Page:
5. #5
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    It was awesome! Alps aren't Wind River range. Seeing people is normal.


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  6. #6
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  7. #7
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    I hiked the Walker's Haute Route last summer, which also coincides with the TMB for a bit. There are very few backpackers as they are very few camping areas and you are hiking on private property. I also recommend staying at the refugios, hiker hostels, inexpensive hotels that cater to hikers, etc. I also recommend booking your reservations in advance. You can easily take a bus to Chamonix and start from nearby. You do want to check the levels of snow and water crossings. In August, we walked across a few very small and safe patches of snow and did not have any high water crossings. In June, the situation may be much different. The hiking is magnificent!

  8. #8
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    Quote Originally Posted by StubbleJumper View Post
    I hiked the GR5 from Lac Leman to Menton last summer, which coincides with the TMB for perhaps 50 kilometres from Col du Brevent to Col du Bonhomie. The alps are a beautiful place to hike, but the TMB is very crowded. Unlike the long hikes that you have done in the US, there are a considerable number of guided groups hiking the TMB -- think 12 to 20 tourists from around the world who are trundling along at 1.5 miles per hour, carrying only a day pack, following a bored paid guide. Beyond the guided groups, there are a considerable number of self-supported hikers who hike the trail in groups of 1 to 4 people. In short, it's a relatively crowded trail.

    For the TMB, I would recommend that you not bother to carry a tent, a stove, a pot or any of the camping gear that you would typically use in the US. You can stay in gites and refuges for about 40 to 50 euros per night, which includes a bunk in a dorm, supper and breakfast. They'll happily make you a picnic lunch for another 8 or 10 euros. For such a short hike, you can easily do the whole thing without carrying the weight of a tent or cookset for 500 euros, while if you were self-catering and camping it would probably still run you about 200 euros. You need a bag liner to sleep in for most of the refuges, but they provide blankets and pillows.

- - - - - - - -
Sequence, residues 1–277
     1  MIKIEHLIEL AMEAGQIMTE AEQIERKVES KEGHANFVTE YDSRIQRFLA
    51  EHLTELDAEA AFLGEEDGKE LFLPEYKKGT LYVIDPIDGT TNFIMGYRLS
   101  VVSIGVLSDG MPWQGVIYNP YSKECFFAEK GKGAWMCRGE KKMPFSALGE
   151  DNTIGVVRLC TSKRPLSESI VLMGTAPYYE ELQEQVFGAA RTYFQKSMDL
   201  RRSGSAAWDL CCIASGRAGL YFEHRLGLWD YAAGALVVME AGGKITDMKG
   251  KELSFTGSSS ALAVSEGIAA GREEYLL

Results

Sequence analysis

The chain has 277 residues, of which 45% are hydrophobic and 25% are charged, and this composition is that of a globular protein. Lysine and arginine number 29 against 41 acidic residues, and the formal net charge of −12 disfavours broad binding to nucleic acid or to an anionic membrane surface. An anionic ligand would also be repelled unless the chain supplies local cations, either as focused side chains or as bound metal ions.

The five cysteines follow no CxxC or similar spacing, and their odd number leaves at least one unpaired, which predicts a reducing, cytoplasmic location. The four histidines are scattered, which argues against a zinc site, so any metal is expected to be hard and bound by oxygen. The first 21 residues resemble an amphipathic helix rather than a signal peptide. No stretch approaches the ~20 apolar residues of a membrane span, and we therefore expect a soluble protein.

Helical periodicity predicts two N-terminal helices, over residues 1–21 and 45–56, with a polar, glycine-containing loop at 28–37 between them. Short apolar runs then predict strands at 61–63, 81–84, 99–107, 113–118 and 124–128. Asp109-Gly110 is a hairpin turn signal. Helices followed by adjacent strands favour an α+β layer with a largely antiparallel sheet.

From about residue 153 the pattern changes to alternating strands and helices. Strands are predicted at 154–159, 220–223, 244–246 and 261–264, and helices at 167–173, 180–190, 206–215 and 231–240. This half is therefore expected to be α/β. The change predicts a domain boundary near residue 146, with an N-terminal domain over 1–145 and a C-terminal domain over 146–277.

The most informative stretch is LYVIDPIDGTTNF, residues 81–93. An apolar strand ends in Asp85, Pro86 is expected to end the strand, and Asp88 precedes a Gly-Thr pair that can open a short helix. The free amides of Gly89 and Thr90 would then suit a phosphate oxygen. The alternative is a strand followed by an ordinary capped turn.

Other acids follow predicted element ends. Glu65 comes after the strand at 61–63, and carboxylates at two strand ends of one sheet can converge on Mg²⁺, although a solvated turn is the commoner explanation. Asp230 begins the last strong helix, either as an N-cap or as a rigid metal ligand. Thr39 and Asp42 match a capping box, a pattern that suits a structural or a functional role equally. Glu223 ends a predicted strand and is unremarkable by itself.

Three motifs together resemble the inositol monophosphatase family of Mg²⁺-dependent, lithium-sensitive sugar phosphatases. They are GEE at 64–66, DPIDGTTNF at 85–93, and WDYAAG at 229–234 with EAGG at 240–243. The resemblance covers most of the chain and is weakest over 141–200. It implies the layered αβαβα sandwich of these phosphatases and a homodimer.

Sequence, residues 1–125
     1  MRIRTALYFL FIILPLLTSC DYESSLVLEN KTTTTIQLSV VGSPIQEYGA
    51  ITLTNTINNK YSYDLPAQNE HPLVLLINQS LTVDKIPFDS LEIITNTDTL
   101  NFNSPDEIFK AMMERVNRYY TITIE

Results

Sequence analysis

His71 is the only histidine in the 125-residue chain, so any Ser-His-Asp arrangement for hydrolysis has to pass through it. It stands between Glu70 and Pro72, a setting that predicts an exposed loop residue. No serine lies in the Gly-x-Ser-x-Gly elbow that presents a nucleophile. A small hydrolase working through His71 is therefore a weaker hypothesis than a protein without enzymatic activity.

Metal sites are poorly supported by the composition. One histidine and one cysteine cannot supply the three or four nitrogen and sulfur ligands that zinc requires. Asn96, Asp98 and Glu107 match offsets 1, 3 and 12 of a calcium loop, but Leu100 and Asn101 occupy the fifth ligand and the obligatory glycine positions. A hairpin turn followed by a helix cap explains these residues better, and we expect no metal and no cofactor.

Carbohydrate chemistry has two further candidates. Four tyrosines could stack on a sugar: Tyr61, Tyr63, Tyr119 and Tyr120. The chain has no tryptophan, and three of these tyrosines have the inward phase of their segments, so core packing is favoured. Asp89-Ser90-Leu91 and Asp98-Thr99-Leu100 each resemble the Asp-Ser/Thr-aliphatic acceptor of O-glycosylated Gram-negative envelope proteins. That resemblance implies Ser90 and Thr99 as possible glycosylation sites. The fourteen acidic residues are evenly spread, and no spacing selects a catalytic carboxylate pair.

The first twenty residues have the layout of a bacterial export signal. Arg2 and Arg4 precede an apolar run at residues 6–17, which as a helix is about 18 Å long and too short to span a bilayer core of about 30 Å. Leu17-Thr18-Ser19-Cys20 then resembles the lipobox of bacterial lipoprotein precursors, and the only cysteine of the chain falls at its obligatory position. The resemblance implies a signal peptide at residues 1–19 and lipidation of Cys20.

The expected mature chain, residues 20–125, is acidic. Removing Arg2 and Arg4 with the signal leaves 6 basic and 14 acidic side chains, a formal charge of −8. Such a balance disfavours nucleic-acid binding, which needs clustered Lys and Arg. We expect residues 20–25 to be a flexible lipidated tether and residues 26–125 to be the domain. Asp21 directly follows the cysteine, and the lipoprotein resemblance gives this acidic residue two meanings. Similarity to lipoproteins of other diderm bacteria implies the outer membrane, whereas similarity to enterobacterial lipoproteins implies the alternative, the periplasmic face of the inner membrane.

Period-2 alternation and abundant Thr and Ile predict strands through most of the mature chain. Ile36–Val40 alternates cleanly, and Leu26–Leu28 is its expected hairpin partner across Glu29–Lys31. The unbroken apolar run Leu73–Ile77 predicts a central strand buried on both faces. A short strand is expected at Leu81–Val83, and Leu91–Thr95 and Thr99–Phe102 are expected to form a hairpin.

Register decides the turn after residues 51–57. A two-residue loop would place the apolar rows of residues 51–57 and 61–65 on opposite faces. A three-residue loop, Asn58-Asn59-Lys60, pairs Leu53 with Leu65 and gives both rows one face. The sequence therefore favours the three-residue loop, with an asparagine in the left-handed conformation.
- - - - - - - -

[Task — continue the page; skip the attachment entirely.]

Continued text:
It's such a busy trail, that I would recommend that you make reservations in a refuge at least a day or two in advance. I wouldn't recommend that you reserve all 10 nights right off the bat because you can never predict when you'll hike faster or slower than planned, nor can you predict when you'll get a couple of inches of rain which drives you to take a zero. But, phoning ahead a day or two is good practice and it ensures that you won't show up to find out that the house is full.

    Do bring water treatment gear. The alps are a grazing area and there is livestock pretty much everywhere. You cannot really trust any of the groundwater without first treating it, but the springs are probably safe.

    I was crossing 200 foot long snowfields when I was there in late August, so I would imagine that you might face considerable stretches of snow in late June. You should seek out a few journals from people who hiked at that time of year because I have no idea whether microspikes would be a good idea (full out crampons strike me as overkill because rarely was the path extremely steep).

    Do research the potential use of the ski-lifts (telepheriques) because they might offer an easy way to get into and out of Chamonix and les Houches (the descent into and the climb out of les Houches sticks in my head as one that was a little unpleasant). Depending on how your legs are feeling, you might find it worth 10 or 15 euros to get a ride to the top!

    Anyway, just a few observations from last summer.


    SJ
    Thank! Lots of great info! I hate crowds, was thinking it wouldn’t be too crowded in June but likely wishful thinking.....by the way my kid just told me now they’re going to the Woodward camp in Co instead of Pa so as usual the plan changes...the camp is the big red barn not far off the CT at Cooper mtn.....I may have to settle for a week in Co....


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  9. #9
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    Quote Originally Posted by T.S.Kobzol View Post
    It was awesome! Alps aren't Wind River range. Seeing people is normal.


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    Looks amazing!